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Washington
Inside Washington (09/02/2009)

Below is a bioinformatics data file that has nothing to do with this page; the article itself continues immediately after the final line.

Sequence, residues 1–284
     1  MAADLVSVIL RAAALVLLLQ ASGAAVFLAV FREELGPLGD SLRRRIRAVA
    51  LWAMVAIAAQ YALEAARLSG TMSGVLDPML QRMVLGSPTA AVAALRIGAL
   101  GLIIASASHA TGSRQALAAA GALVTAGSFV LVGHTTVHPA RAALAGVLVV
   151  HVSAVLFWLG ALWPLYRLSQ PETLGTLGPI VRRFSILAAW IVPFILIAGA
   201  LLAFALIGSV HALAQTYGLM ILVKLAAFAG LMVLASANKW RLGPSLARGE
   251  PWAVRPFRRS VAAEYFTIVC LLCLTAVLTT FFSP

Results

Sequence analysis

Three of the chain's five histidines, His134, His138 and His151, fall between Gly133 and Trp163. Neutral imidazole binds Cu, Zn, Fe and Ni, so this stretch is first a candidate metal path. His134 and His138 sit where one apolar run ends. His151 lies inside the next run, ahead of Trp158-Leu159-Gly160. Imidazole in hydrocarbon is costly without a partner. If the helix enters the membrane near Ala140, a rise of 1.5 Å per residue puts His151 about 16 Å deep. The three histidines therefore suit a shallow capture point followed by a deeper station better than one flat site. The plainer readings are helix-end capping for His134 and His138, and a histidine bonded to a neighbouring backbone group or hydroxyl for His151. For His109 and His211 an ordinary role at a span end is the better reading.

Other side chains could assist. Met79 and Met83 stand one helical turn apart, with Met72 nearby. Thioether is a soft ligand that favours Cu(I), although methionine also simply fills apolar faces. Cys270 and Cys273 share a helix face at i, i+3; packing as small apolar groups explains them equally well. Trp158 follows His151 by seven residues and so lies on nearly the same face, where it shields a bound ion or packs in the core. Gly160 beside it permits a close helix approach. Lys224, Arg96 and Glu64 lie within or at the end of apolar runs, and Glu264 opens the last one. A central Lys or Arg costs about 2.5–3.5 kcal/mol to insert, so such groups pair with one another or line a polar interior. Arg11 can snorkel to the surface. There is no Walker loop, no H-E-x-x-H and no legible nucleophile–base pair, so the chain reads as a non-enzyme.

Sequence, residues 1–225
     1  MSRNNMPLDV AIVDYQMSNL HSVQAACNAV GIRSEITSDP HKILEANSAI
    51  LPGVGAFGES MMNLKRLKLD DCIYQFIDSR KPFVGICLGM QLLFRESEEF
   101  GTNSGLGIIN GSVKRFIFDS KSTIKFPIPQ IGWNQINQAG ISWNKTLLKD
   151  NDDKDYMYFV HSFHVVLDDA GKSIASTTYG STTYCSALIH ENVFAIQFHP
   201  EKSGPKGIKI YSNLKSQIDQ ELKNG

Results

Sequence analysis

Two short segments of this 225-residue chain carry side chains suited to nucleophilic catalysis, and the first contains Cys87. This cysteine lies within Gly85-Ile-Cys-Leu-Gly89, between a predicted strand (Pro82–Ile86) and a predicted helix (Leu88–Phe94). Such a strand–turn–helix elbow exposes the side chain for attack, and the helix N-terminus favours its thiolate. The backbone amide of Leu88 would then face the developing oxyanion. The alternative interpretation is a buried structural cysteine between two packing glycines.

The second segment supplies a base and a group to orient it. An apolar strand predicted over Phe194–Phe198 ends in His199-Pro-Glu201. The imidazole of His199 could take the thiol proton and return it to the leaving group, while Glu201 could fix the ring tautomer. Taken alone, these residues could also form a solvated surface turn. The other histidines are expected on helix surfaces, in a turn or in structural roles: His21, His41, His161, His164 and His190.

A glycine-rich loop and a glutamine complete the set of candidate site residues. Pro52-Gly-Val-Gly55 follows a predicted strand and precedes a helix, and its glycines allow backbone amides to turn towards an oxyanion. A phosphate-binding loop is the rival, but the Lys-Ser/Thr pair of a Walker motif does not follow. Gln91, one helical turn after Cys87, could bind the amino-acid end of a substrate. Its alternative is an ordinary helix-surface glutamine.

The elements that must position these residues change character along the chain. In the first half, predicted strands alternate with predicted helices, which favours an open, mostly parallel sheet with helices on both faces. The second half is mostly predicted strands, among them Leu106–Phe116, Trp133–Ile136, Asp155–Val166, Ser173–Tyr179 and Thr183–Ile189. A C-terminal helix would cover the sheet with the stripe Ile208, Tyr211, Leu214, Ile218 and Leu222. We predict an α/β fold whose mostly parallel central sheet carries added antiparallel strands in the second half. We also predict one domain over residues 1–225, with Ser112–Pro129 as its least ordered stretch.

* WASHINGTON (9/3/09)--Two reports criticizing federal regulators’ oversight of failed banks were issued last week. The reports come after the Federal Deposit Insurance Corp. (FDIC) was criticized in July for “slow and inefficient” oversight of the failed Franklin Bank of Houston (News Now July 9). The reports state that regulators should have been tougher with the National Bank of Ocala, Fla., and MagnetBank in Salt Lake City. Both failed in January (American Banker Sept. 2). FDIC’s inspector general said the FDIC supervised MagnetBank but could have taken more action, such as noting a 2007 exam that indicated problems with the bank’s commercial real estate lending. The report also said the Office of the Comptroller of the Currency should have been quicker to address problems it identified at National Bank, which failed because of construction and development loan losses ... * WASHINGTON (9/3/09)--The Federal Reserve Bank of New York has expanded its network of Term Asset-Backed Securities Loan Facility (Talf) agents to include investors Wells Fargo Securities LLC, Williams Capital Group LP, Loop Capital Markets LLC and CastleOak Securities LP (American Banker Sept. 2). TALF is intended to make credit available to consumers and small businesses by facilitating the issuance of asset-backed securities ... * WASHINGTON (9/3/09)--The Mortgage Bankers Association (MBA) was expected to propose a framework Wednesday that would overhaul Fannie Mae and Freddie Mac by allowing them to create securities that could be backed by certain kinds of mortgages (The Wall Street Journal Sept. 2). The companies would back the securities against defaults and pay fees into a federal insurance fund that would in return guarantee interest and principal payments to bondholders. However, the insurance fund would only go into effect if the companies suffered big losses. The framework would replace the current system--which assumes that the government would back Fannie and Freddie if they ran into trouble. The proposed backstop is needed to revive investor confidence, said John Courson, MBA president/CEO. Foreign investors have reduced their holdings in companies’ debts even though the government had infused Fannie and Freddie with capital. On Tuesday, Fannie and Freddie’s shares reportedly fell 17% in the New York Stock Exchange ...


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